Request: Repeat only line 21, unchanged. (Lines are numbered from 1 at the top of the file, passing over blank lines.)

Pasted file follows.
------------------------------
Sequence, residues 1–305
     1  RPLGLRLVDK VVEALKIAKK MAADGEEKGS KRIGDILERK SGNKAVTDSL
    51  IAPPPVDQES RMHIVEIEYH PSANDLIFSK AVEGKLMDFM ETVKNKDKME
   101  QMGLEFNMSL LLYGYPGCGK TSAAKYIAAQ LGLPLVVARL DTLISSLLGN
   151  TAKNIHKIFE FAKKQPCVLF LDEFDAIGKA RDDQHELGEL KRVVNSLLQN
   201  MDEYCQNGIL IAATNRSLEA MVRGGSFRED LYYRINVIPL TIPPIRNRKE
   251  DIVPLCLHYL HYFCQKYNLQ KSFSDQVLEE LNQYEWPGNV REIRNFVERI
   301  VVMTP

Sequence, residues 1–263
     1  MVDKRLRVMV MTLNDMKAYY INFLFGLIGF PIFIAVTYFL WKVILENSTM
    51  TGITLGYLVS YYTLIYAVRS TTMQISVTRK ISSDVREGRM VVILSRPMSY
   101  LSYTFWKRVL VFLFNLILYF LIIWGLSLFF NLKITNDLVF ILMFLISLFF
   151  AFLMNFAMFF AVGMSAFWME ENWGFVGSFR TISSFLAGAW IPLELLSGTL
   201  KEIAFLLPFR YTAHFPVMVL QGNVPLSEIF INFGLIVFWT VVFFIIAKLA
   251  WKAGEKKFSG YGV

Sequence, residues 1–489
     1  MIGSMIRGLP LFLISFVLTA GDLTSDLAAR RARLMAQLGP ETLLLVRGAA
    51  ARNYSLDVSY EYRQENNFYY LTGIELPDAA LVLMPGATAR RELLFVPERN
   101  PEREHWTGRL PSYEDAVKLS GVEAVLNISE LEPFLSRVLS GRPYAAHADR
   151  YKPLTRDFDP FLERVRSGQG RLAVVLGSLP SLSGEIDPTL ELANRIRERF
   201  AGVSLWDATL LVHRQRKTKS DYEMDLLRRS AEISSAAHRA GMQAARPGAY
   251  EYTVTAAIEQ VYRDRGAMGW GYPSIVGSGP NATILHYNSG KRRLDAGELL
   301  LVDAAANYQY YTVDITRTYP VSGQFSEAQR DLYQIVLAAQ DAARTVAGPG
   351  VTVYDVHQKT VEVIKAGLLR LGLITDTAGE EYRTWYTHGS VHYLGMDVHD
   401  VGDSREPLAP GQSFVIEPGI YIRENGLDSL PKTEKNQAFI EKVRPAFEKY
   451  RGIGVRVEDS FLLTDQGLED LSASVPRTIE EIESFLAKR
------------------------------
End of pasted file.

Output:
   201  AGVSLWDATL LVHRQRKTKS DYEMDLLRRS AEISSAAHRA GMQAARPGAY